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Fighter for religious freedoms passes away

|Written By Glenn Kauth

A veteran Ontario lawyer with a long record of fighting for religious freedoms died last week.

Glen How

At age 89, Glen How died on Dec. 30. He had still practised up until recently, his law firm, W. Glen How and Associates LLP, said in a news release last week.

How, a lawyer based in Georgetown, Ont., was perhaps best known for his work on behalf of Jehovah’s Witnesses. He himself had become a Jehovah’s Witness in 1941, two years before he was called to the Ontario bar. He then went on to advocate for the group in a series of cases, work that helped elevate him to the Order of Canada in 2001.

During the 1940s and 1950s, he defended cases in the Quebec where Premier Maurice Duplessis had declared a “War without Mercy” against Jehovah’s Witnesses. A series of these cases, including R. v. Boucher, Saumur v. Quebec (City), and Lamb v. Benoit, reached the Supreme Court of Canada.

“Consistently and courageously, for more than 50 years, he has fought legal battles to advance civil liberties.

The landmark cases he argued before the Supreme Court on behalf of Jehovah’s Witnesses enshrined all Canadians’ right to freedom of speech, assembly, and religious expression, and helped pave the way for the Canadian Bill of Rights and Charter of Rights and Freedoms,” an announcement from Governor General  about How’s appointment stated at the time.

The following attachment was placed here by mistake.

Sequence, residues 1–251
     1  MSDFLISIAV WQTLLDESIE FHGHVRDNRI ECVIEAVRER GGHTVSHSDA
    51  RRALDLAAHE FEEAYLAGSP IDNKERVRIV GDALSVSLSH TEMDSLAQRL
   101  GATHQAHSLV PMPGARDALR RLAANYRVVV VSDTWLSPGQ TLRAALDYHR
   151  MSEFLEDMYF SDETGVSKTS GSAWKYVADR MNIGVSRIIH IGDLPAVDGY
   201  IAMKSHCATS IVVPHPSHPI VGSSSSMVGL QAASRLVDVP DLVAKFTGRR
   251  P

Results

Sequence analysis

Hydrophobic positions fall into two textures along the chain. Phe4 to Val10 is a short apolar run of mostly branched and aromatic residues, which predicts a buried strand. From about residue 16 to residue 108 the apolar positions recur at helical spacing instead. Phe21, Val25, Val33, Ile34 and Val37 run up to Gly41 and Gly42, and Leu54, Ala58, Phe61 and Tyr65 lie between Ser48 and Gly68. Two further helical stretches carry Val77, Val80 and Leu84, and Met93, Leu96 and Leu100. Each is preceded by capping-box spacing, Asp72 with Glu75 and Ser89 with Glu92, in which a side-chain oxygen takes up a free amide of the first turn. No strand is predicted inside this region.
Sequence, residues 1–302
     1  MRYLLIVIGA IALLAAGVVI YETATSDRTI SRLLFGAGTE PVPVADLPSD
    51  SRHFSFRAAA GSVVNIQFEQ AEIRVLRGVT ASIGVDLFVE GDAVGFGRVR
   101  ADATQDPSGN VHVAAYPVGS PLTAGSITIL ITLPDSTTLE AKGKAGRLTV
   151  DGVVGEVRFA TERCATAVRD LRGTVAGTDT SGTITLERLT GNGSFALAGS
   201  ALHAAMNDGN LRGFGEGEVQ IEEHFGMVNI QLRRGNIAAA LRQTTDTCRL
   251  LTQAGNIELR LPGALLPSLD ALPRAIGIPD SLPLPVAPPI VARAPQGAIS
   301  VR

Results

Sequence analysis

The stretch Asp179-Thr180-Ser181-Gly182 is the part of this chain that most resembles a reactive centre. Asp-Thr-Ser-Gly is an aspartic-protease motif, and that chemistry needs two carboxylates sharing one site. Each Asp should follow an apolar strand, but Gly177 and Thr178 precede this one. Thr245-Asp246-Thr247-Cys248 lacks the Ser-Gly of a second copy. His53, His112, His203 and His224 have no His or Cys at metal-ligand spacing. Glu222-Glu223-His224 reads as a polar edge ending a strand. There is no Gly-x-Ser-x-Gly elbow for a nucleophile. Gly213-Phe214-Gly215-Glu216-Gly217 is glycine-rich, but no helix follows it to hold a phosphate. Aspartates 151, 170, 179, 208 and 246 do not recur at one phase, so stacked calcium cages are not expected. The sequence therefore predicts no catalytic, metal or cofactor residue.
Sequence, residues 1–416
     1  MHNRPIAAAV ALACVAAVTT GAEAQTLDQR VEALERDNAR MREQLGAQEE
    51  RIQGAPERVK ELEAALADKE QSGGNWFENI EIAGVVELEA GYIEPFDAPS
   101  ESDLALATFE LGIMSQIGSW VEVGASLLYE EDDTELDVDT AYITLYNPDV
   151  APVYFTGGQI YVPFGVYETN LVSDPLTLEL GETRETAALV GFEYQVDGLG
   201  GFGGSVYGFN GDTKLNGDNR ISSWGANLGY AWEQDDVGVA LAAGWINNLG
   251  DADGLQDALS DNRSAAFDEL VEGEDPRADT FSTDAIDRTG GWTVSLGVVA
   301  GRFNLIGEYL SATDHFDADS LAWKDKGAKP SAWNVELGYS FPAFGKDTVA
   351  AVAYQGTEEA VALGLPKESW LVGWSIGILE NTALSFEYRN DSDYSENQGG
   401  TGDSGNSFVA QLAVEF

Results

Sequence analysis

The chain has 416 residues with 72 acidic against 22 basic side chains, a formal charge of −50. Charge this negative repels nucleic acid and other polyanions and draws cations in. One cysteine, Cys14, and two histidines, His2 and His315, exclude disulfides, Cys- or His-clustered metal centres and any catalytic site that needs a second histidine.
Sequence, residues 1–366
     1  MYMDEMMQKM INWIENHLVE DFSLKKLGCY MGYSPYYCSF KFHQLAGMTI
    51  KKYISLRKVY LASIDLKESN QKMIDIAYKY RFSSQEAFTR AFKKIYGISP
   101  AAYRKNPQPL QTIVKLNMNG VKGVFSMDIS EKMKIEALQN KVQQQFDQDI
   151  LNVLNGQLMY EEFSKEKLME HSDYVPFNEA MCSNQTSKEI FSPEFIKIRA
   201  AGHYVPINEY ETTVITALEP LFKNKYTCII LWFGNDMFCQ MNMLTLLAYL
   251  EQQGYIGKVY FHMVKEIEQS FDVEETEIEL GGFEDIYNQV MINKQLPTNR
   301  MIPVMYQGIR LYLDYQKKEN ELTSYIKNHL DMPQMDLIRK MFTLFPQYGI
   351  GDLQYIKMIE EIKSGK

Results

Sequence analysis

How practised for more than 60 years and, as the Governor General’s announcement pointed out, his work took him across Canada and the United States - often “for minimal compensation” - in defence of clients.

His cases included battles for the rights of parents to share their religious beliefs with their children as well as a key decision, Malette v. Shulman, which dealt with the rights of adult patients to determine their treatment, his law firm said.

In 1997, How’s work earned him the Award for Courageous Advocacy from the American College of Trial Lawyers, the only Canadian to receive the award. In 1998, the Law Society of Upper Canada awarded How its Law Society Medal for Outstanding Service. In 1999, he received the Certificate of Recognition of 50 years admittance to the Quebec Bar.

He is survived by his wife Linda, his brother John How, and his stepson Paul Biegel.

A memorial service will be held on Saturday, Jan. 10, at 7 p.m. at the Assembly Hall of Jehovah's Witnesses, located at 2594 Bovaird Drive W., Brampton.

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